Wednesday, 18 May 2016

Bargain Hunting at the Antiques Centre

One day last week we had a trip to one of the large antiques warehouses in the area and I bought a few items to bring home with me.

These came from more than one stall, but there's a 78 rpm record - regular readers will know I'm partial to them - four 45 rpm E.P.s, 28 postcards and one other item that we'll have a look at later.

The 78 rpm record is one that I've coveted for quite a while. Anyone who remembers children's TV from the days of Black & White TV would recognise this straight away. And I wouldn't mind betting that the song and exact words are going through your heads at the moment!

Robin Hood, Robin Hood riding through the glen
Robin Hood, Robin Hood, with his band of men
Feared by the bad, loved by the good
Robin Hood, Robin Hood, Robin Hood!

The 78 records made of shellac were very brittle. They broke if dropped or sat on and in the 1950s they came to be replaced by smaller records made of vinyl. Smaller because the spiral of the groove was tighter and required a smaller stylus that even now many people call a needle.

They were very hard to break, but sadly for the collector were very easy to scratch. And it's not always apparent that they might be damaged in a small area enough to make the needle bounce out of the groove into a different part of the spiral. Unfortunate for me because despite a close look at them in the shop, they all "jump" at some point.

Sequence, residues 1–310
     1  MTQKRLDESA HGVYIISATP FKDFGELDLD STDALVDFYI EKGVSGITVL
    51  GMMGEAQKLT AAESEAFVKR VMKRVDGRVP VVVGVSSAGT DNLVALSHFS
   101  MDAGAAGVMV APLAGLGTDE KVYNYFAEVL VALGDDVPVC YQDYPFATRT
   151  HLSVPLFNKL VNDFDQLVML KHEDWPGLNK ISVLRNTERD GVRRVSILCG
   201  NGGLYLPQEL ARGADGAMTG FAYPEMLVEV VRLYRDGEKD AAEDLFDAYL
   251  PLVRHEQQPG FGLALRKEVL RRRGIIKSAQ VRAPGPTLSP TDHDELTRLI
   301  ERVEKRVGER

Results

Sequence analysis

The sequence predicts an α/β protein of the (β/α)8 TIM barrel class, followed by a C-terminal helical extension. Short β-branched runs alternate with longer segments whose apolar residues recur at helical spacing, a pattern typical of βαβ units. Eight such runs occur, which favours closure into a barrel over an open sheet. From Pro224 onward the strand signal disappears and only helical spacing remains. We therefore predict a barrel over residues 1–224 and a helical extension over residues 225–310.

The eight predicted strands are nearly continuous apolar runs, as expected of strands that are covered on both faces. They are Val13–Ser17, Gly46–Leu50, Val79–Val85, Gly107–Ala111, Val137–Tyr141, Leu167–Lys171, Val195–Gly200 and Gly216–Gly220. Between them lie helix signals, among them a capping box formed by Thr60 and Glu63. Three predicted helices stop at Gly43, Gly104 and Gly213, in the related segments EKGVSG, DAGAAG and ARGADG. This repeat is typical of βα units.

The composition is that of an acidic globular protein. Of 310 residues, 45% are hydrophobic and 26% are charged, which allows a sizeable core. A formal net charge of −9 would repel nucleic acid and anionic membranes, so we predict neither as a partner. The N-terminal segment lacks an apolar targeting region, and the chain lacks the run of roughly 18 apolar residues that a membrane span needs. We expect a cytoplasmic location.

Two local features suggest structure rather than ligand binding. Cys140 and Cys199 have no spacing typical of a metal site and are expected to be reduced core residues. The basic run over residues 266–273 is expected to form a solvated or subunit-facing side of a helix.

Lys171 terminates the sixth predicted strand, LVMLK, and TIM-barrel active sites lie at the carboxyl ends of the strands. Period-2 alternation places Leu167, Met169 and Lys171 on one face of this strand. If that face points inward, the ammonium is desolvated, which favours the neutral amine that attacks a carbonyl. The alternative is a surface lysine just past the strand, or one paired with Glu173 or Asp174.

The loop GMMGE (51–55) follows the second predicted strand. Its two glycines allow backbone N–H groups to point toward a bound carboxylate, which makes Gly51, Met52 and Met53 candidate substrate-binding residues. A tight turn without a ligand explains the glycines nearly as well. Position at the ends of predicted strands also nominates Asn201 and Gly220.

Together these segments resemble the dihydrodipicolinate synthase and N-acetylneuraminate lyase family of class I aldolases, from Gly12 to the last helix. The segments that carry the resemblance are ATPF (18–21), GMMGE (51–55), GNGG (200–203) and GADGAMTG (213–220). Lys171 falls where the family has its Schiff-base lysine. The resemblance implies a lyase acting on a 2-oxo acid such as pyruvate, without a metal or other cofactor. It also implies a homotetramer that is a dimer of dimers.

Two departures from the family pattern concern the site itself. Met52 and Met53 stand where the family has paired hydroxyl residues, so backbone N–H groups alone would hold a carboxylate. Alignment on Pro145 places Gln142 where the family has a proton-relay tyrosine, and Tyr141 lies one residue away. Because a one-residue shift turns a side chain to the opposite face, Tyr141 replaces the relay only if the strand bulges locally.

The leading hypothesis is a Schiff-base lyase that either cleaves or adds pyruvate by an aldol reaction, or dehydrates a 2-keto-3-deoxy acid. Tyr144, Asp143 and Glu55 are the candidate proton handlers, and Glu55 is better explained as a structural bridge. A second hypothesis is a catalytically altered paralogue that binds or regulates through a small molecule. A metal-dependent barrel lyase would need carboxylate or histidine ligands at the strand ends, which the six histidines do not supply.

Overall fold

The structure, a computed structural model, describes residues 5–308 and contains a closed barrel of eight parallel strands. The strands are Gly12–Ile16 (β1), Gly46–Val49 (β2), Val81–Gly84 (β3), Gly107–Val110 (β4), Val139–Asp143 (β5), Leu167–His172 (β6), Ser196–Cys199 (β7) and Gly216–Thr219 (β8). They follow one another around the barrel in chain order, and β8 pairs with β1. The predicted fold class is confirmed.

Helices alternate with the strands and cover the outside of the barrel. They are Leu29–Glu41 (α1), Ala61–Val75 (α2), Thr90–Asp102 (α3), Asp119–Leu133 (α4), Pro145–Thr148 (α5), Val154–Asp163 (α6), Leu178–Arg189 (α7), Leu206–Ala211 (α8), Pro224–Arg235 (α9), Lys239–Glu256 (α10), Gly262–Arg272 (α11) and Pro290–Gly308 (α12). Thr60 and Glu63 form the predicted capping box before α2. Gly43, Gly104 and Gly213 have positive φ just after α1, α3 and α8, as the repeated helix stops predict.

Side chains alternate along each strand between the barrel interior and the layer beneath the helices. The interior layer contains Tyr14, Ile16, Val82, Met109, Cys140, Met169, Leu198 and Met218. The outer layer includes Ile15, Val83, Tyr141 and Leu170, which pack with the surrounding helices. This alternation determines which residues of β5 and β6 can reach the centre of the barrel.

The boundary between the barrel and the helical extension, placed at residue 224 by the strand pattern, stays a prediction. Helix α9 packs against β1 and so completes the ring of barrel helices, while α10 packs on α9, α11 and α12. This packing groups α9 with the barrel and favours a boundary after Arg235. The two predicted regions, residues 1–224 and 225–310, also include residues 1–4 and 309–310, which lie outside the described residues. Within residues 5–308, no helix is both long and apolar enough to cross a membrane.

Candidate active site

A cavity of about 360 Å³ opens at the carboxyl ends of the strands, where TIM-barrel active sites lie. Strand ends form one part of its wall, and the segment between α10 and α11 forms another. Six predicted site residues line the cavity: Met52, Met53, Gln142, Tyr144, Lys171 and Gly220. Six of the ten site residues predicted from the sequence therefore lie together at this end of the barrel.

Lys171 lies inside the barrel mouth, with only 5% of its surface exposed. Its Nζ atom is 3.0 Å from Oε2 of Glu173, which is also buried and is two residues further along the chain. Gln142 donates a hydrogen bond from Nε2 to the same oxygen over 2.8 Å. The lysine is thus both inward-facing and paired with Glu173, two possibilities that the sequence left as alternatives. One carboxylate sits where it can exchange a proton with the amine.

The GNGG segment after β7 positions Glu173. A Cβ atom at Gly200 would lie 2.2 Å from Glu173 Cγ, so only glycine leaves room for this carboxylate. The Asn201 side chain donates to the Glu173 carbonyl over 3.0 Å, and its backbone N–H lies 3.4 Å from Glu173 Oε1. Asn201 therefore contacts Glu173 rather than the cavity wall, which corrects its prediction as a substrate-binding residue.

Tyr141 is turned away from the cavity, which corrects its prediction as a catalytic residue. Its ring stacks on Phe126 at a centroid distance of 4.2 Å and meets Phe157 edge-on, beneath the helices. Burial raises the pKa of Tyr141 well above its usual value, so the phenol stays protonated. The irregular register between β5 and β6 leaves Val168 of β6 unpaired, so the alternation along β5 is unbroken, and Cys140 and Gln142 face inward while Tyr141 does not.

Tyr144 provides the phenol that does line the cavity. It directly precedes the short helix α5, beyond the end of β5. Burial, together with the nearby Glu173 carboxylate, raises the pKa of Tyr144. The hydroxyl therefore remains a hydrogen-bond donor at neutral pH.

But just because they jump now, doesn't necessarily mean they are designated for the bin. I'll have a go at washing them first, taking care not to wet the labels. Years of dust and finger grease, not to mention lumps of sticky toffee being dropped on them, sometimes means that the damage is not a scratch but a build up of material causing a blockage inside the groove. Fingers crossed!

The postcards are a real mix. There are comic cards and picture postcards ranging from the 1910s to the 1970s. Some are from our own country and some, like this 1954 card of an erupting Mount Vesuvius in Italy, are from abroad. Some have been posted and some have been bought as a collector's item.

The other item was a late 1920s photographic album containing 117 family snaps ranging from 1930-1932. The majority are labelled across a corner in fountain pen with the year and the location.

Sadly, none of the people depicted is named and there is nothing inside the album to say whose it was. However, I imagine many of the photos will scan well and clean up and we'll take a look at them on this blog in due course! Come back for a look at some point!

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